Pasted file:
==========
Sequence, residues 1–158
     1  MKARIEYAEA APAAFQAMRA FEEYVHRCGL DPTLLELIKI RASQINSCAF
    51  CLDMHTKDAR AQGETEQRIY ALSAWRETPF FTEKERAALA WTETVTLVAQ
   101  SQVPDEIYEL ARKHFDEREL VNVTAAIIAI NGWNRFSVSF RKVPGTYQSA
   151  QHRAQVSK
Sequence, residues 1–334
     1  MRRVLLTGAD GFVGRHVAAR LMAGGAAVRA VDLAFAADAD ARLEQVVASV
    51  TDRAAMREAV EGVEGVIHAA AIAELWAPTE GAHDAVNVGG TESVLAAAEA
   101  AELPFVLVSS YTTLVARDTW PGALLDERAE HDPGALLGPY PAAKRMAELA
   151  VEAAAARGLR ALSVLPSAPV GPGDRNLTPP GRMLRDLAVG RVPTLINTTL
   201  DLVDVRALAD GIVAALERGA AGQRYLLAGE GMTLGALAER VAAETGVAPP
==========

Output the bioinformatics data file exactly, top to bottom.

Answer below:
Sequence, residues 1–158
     1  MKARIEYAEA APAAFQAMRA FEEYVHRCGL DPTLLELIKI RASQINSCAF
    51  CLDMHTKDAR AQGETEQRIY ALSAWRETPF FTEKERAALA WTETVTLVAQ
   101  SQVPDEIYEL ARKHFDEREL VNVTAAIIAI NGWNRFSVSF RKVPGTYQSA
   151  QHRAQVSK
Sequence, residues 1–334
     1  MRRVLLTGAD GFVGRHVAAR LMAGGAAVRA VDLAFAADAD ARLEQVVASV
    51  TDRAAMREAV EGVEGVIHAA AIAELWAPTE GAHDAVNVGG TESVLAAAEA
   101  AELPFVLVSS YTTLVARDTW PGALLDERAE HDPGALLGPY PAAKRMAELA
   151  VEAAAARGLR ALSVLPSAPV GPGDRNLTPP GRMLRDLAVG RVPTLINTTL
   201  DLVDVRALAD GIVAALERGA AGQRYLLAGE GMTLGALAER VAAETGVAPP